Dan Janison Melville. N.Y. Tuesday January 26, 2010. Daniel Janison,

Dan Janison has been a columnist at Newsday since 2007.

Fireworks over an information request from President Donald Trump’s election commission offer the latest example of state and local governments defying the White House.

Remarkably, Democrats are not the only ones resisting. Denials and condemnations of the personal-data demand come from more than half the states — including such Republican or bipartisan strongholds as Mississippi, Kentucky, Virginia and Ohio.

The panel traces its origins to one of Trump’s more bizarre episodes, starting with his tweet of Nov. 27: “I won the popular vote if you deduct the millions of people who voted illegally.”

Anyone involved in daily workings of the American electoral system, regardless of party, seemed to believe that the commander-in-chief was peddling some of his own homemade fake news or, in the kindest interpretation, exaggerating.

After all, even Trump’s own lawyers said during a recount-challenge case: “All available evidence suggests that the 2016 general election was not tainted by fraud or mistake.”

Part of the tension here long predates the Trump administration. This consists of Republicans promoting the chimera of significant voter fraud and Democrats claiming the GOP’s sole goal is to suppress minority votes. It is the theme of perpetual court fights over voter IDs, gerrymandering and voter-roll “purges.”

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Last week, the panel, which Trump calls a “voter fraud commission,” asked every state to provide data on all registered voters dating to 2006. California and Virginia were the first to decline to comply with the request.

Kris Kobach, the Kansas secretary of state and vice chair of the President’s Advisory Commission on Electoral Integrity, asked in a letter for voter names, addresses, birth dates, voting history, military status and partial Social Security numbers, to be supplied by July 14, which would all be made public.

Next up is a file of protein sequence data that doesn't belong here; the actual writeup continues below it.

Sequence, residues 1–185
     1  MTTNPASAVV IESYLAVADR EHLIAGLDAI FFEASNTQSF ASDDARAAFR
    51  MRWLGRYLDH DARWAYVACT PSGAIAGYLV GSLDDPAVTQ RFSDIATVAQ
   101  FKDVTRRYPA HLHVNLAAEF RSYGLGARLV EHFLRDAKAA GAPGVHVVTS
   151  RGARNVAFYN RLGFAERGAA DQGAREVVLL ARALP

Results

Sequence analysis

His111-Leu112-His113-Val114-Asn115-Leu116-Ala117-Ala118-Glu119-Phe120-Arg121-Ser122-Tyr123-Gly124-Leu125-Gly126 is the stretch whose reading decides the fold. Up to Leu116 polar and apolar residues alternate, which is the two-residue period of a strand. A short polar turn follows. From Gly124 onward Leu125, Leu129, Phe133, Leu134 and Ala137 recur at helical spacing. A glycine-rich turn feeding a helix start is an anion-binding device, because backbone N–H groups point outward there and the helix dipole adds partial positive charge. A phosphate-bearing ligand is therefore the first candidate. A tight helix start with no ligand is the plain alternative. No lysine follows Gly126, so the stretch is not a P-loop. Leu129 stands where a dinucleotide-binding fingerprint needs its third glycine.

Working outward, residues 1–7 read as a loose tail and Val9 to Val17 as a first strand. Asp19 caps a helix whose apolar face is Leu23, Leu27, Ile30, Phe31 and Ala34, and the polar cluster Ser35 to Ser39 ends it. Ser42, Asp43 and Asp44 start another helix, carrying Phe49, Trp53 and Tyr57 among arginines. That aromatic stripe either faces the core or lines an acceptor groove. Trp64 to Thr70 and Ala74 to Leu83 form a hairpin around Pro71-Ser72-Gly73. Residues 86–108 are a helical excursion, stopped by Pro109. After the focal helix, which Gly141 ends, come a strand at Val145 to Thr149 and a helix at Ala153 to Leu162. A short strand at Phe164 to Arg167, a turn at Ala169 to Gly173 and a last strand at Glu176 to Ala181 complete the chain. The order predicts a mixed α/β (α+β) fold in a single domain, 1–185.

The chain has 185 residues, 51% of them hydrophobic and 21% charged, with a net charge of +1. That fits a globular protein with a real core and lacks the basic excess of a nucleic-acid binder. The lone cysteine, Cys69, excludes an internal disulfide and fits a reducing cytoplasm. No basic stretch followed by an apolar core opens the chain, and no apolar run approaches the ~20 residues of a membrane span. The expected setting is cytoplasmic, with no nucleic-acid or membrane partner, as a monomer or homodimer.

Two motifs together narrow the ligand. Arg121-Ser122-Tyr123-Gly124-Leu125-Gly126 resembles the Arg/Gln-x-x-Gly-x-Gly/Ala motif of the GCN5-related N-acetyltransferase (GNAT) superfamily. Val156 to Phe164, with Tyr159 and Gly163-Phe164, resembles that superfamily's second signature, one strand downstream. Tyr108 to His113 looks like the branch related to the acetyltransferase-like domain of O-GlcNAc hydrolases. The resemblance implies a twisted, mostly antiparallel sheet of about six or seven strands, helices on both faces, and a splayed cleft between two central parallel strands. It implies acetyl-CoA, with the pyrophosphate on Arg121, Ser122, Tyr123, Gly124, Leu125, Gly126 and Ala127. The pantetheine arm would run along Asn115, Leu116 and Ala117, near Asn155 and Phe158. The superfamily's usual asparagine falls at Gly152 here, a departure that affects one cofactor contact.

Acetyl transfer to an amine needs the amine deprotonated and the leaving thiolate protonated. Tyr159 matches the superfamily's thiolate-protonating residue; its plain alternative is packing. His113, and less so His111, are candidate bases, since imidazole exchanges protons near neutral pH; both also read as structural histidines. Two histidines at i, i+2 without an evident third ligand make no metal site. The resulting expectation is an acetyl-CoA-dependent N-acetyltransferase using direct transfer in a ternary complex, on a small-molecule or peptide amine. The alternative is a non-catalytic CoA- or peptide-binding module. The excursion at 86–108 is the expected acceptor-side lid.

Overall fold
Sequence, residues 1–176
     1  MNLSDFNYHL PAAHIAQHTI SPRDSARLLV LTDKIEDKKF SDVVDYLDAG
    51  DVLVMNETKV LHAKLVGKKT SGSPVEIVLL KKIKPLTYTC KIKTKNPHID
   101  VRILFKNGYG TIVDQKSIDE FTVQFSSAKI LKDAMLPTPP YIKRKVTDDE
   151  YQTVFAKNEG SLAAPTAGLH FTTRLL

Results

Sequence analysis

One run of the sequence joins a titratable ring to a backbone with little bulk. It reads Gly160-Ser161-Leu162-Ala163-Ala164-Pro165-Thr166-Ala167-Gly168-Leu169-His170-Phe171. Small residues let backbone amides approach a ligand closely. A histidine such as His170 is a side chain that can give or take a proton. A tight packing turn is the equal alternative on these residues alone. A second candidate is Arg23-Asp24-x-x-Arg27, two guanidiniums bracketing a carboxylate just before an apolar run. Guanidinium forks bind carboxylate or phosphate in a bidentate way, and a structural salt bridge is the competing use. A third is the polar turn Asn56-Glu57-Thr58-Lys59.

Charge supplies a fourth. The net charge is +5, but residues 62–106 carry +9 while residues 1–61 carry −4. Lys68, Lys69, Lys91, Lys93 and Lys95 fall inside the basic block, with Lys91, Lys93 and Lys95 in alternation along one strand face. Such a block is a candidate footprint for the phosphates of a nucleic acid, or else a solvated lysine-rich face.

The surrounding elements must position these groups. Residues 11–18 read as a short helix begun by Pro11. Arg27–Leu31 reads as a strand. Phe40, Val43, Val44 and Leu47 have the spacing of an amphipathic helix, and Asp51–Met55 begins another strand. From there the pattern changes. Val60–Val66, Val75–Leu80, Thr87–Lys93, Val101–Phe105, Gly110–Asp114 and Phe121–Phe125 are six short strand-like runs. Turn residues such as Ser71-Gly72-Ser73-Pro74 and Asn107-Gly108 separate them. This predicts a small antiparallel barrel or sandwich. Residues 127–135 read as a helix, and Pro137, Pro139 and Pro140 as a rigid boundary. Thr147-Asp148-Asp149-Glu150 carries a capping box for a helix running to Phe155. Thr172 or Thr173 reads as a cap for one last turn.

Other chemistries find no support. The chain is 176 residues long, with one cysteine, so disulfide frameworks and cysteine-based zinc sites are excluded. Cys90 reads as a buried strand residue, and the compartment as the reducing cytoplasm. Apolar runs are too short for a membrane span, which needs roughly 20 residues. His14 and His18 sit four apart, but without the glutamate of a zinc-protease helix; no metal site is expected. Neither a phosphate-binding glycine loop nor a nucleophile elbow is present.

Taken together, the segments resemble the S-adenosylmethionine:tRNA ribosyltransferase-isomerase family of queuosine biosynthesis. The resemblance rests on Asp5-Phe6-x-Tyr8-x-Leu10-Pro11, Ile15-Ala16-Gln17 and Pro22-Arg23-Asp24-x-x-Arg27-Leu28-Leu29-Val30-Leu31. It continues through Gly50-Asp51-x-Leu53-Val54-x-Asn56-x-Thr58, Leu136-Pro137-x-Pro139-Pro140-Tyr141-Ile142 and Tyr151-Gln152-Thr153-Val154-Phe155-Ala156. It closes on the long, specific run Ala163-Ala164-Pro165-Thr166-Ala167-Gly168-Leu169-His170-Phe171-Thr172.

Vice President Mike Pence chairs the group.

Of those resisting, Trump asked darkly: “What are they trying to hide?”

But even Connie Lawson — a Republican who serves on Trump’s commission — was among those refusing the request, in her role as Indiana’s secretary of state. She said in a statement that the law permits her to comply with only part of what Kobach requested. Kobach himself acknowledged he can’t supply Kansas’ voters Social Security info under state law.

Delbert Hosemann, who is Mississippi’s GOP secretary of state, went further, inviting the commission to “go jump in the gulf.”

California was early out of the gate to object. Secretary of State Alex Padilla called the panel “a waste of taxpayer money.” He said the state’s participation “would only serve to legitimize the false and already debunked claims of massive voter fraud.”

By Friday, New York Gov. Andrew M. Cuomo joined in.

“We will not be complying with this request and I encourage the Election Commission to work on issues of vital importance to voters, including ballot access, rather than focus on debunked theories of voter fraud,” Cuomo said.

Other fault lines have emerged between the federal government under Trump and various states and localities. These include “sanctuary cities” for illegal immigration, new proposals for Medicaid funding distribution, adherence to the Paris climate accords and certain crime policies.